Project Title: Longitudinal Analysis of Cerebrospinal Fluid and Plasma HIV-1 Envelope Sequences Isolated From a Single Donor with HIV Asymptomatic Neurocognitive Impairment Institution: Ponce Health Sciences University PI Name: Rivera-Amill, Vanessa, PhD Background: Combined antiretroviral treatment (cART) has changed the clinical presentation of HIV-associated neurocognitive disorders (HAND) to that of the milder forms of the disease. Asymptomatic neurocognitive impairment (ANI) is now more prevalent and is associated with increased morbidity and mortality risk in HIV-1infected people. HIV+ subjects with ANI have a greater likelihood of symptomatic neurocognitive decline, a prognosis that seems to be overrepresented in females and in subjects with low nadir CD4+ levels.HIV-1 envelope (env) genetic heterogeneity has been detected within the central nervous system (CNS) of individuals with ANI. Changes within env determine co-receptor use, cellular tropism, and neuropathogenesis. Findings from previous studies highlight the importance of studying the genetic variability within HIV-1 env as an additional risk factor of neurocognitive impairment. The researchers of this study hypothesize that compartmental changes are associated with HIV-1 env (C2V4 region) during ANI and sought to analyze paired HIV-1 env sequences (C2V4 region) from plasma and cerebrospinal fluid (CSF) of a female subject undergoing long-term cART. The phylogenetic analysis of paired study samples consistently showed genetic variants unique to the CSF. Phenotypic prediction showed CCR5 (R5) variants for all CSF-derived sequences and showed minor X4 variants (or dual-tropic) in the plasma at later time points. Viral compartmentalization was evident throughout the study, suggesting that the occurrence of distinctive env strains may contribute to the neuropathogenesis of HAND. Advance: This study presents interesting viral evolution data from a Hispanic woman with mild ANI and provides new insights about the genetic characteristics within the C2V4 of HIV-1 env that persist after long-term cART and during the course of persistent ANI. The C2V4 region of HIV-1 env isolates in matched CSF and plasma samples (collected at 12-month intervals for 3 years) from a female subject diagnosed with ANI was successfully amplified and characterized. This is the first study that describes the mean viral diversity in matched plasma and CSF sequence from a Hispanic female subject with ANI who is undergoing long-term cART. How NIMHD Grant Enabled Advance: The Technological Resources for Core Laboratories from the PRCTRC (#U54MD007587) supported this study. Public Health Impact Statement: This study found that CSF variants were genetically unique within their C2V4 region during the setting of long-term suppressive cART and persistent ANI. In sum, probing the functional phenotypes of CSF-derived HIV-1 env variants will allow for the identification of putative mutations present in the subjects with ANI and for the identification as well of potential for neurotoxic properties that are associated with the C2V4 region. Grant Support (all grant numbers): U54MD007587, P20RR11126, G12-MD007579, R01-MH08316-01, U54 NS3011, and GM082406. Publication Citation and Link: Vzquez-Santiago, F., Garca, Y., Rivera-Romn, I., Noel, R.J., Wonja, V., Melendez, L.M., and Rivera-Amill, V. (2015) Longitudinal Analysis of Cerebrospinal Fluid and Plasma HIV-1 Envelope Sequences Isolated From a Single Donor with HIV Asymptomatic Neurocognitive Impairment. Journal of Virology & Antiviral Research, 4(1). doi:10.4172/2324-8955.1000135 PMID: 26167513; PMCID: PMC449848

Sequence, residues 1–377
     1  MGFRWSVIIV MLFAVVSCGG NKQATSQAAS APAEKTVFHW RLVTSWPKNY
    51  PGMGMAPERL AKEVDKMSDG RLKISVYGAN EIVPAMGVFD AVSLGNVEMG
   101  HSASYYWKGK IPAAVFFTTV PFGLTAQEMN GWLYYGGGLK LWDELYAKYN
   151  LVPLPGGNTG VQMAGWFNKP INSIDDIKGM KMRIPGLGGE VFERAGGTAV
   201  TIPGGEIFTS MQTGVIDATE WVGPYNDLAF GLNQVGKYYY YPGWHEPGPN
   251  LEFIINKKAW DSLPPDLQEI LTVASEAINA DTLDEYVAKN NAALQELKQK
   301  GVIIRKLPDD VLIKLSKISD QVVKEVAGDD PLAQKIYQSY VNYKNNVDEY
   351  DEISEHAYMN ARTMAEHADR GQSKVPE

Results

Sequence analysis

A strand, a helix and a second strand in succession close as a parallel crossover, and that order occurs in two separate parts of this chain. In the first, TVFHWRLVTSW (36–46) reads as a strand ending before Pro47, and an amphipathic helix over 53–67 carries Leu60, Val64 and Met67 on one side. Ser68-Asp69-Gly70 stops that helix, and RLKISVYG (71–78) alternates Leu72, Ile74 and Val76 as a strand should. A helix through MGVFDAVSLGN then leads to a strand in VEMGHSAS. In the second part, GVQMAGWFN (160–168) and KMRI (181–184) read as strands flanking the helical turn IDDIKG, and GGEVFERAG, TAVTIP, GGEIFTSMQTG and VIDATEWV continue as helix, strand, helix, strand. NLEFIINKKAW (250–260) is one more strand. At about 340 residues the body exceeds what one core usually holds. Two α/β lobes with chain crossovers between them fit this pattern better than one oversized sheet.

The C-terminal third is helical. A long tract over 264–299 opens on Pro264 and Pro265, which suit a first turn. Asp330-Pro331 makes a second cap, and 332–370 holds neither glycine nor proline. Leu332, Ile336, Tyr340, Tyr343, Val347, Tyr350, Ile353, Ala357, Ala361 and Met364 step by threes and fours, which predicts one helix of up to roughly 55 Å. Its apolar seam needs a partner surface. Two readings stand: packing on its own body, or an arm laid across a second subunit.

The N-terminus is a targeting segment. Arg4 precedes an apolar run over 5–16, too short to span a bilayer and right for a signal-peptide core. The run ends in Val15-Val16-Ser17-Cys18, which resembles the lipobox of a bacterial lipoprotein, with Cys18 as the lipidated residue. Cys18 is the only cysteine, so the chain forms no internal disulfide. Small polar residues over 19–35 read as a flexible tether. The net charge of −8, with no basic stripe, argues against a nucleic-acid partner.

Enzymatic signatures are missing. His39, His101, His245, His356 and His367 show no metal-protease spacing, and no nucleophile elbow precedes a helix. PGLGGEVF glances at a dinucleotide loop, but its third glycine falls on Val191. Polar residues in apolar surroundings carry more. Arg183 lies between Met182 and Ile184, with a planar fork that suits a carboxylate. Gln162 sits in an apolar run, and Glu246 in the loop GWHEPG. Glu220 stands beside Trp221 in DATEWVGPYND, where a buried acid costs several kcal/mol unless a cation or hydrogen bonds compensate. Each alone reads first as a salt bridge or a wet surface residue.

SCIENTIFIC HIGHLIGHTS/SCIENCE ADVANCES

Upcoming events February 2016 Vol. 4 Num. 2

The Art of Grantsmanship: A Hands-On, Intensive Workshop

Applications are being accepted now Spring 2016 Session

The Professional Development Core of the Puerto Rico Clinical and Translational Research Consortium (PRCTRC) is pleased to announce the schedule for the Spring 2016 session of The Art of Grantsmanship: A Hands-On, Intensive Workshop.

+ Sessions Start: February 23, 2016

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Ponce Health Sciences University: Dr. Jose Torres ([email protected]) Universidad Central del Caribe: Dr. Robert Hunter ([email protected]) University of Puerto Rico Medical Sciences Campus: Dr. Mary Helen Mays ([email protected])

Upcoming events February 2016 Vol. 4 Num. 2